Getting an objective understanding of the scope of the backlog has been difficult.

Requests for documentation — such as the attorney general’s sunshine log, which is a list or spreadsheet most government offices maintain of pending requests — have themselves been caught in the backlog.

In June, the attorney general’s office said a request by The Independent for the sunshine log couldn’t be fulfilled until Dec. 11. This sort of narrow request historically can be turned around in a matter of days.

With that in mind, earlier this month The Independent invoked a different, lesser-known state law that requires public records “at all reasonable times be open for a personal inspection by any citizen of Missouri.”

Any government official who denies a citizen the ability to personally inspect public records, the law states, “shall be subject to removal and impeachment, and in addition shall be deemed guilty of a misdemeanor and upon conviction shall be punished by a fine not exceeding $100, or by confinement in the county jail not exceeding 90 days, or by both the fine and the confinement.”

The Independent asked to inspect pending Sunshine Law requests, and within days was notified the sunshine log would be made available at the attorney general’s Jefferson City office.

The log documented 18 requests dating back to 2021, which the attorney general’s office finally completed in August, and another 206 from 2022.

Of the requests submitted last year, around 90 were filed by the Democratic National Committee seeking records related to U.S. Sen. Josh Hawley’s two years as attorney general. Some were quickly processed, while others remain unfulfilled.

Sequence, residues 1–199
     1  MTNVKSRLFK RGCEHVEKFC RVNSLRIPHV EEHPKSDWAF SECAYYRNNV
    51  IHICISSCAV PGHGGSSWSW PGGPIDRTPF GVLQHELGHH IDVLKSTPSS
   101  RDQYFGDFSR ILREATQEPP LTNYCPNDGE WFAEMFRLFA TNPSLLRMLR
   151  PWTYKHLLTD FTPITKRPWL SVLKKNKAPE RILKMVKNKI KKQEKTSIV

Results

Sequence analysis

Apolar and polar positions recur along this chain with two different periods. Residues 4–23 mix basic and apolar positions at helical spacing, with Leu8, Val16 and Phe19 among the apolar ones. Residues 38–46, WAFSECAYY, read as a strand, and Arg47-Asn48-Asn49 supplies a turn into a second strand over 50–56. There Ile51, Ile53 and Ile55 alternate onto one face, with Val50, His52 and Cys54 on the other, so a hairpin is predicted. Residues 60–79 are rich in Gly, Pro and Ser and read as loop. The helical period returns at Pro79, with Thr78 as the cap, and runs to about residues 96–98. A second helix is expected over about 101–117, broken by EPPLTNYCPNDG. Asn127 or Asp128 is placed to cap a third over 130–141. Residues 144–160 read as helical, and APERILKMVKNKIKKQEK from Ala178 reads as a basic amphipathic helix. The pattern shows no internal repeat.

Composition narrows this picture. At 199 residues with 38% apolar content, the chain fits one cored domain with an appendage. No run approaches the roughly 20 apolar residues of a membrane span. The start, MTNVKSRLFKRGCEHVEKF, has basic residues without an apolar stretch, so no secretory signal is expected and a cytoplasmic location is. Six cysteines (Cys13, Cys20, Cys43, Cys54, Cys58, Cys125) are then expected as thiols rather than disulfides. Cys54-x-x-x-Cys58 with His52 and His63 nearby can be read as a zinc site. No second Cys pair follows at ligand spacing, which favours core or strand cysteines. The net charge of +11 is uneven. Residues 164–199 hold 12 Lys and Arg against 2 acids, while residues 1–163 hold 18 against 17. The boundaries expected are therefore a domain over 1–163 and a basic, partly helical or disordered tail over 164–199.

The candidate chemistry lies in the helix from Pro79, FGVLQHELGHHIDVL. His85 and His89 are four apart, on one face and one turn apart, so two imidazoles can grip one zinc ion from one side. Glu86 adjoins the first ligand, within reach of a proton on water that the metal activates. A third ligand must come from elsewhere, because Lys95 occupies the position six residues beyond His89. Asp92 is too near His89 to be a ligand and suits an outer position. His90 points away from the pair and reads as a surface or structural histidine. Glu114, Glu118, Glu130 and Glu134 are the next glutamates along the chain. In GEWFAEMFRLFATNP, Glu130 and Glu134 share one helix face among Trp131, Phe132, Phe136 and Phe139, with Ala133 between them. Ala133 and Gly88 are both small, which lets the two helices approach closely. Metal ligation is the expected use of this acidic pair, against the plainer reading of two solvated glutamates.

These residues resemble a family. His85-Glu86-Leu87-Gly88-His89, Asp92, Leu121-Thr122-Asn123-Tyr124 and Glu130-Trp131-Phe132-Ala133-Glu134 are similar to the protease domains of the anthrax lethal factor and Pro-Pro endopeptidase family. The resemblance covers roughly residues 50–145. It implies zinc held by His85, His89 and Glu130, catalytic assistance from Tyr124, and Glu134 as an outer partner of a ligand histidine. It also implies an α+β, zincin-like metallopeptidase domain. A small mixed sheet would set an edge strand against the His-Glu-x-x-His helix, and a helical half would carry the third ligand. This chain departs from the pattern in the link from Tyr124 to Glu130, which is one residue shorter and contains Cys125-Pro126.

There were also media requests seeking records involving Schmitt’s actions while in office, such as his lawsuits against local school districts and interactions with national groups surrounding the Jan. 6, 2021 assault on the U.S. Capitol.

Also included are numerous requests for information about companies accused of ripping off customers. The attorney general’s office enforces the Missouri Merchandising Practices Act, which protects consumers from deceptive, unethical or illegal actions by businesses.

In addition to details about the scope of the backlog, the sunshine log confirmed the attorney general’s office under Bailey does not charge fees for processing records requests.

When Roland learned the attorney general’s office allowed a reporter to inspect the sunshine log, he was quick to offer his praise.

“I am gratified that the attorney general’s office appears to have recognized its legal obligation to grant this sort of access to the records The Independent asked to review,” he said, “and I encourage all other public governmental bodies to follow its example.”

But the fact that a document was immediately available for inspection, Roland said, yet won’t be provided under the Sunshine Law until December shows the absurdity of the situation.

“It seems clear,” Roland said, “that if the attorney general’s office was capable of quickly making this information available for your personal inspection, it certainly would have been capable of producing the records you requested in a similar timeframe.”

Copyright 2023 St. Louis Public Radio. To see more, visit St. Louis Public Radio.

Jason Hancock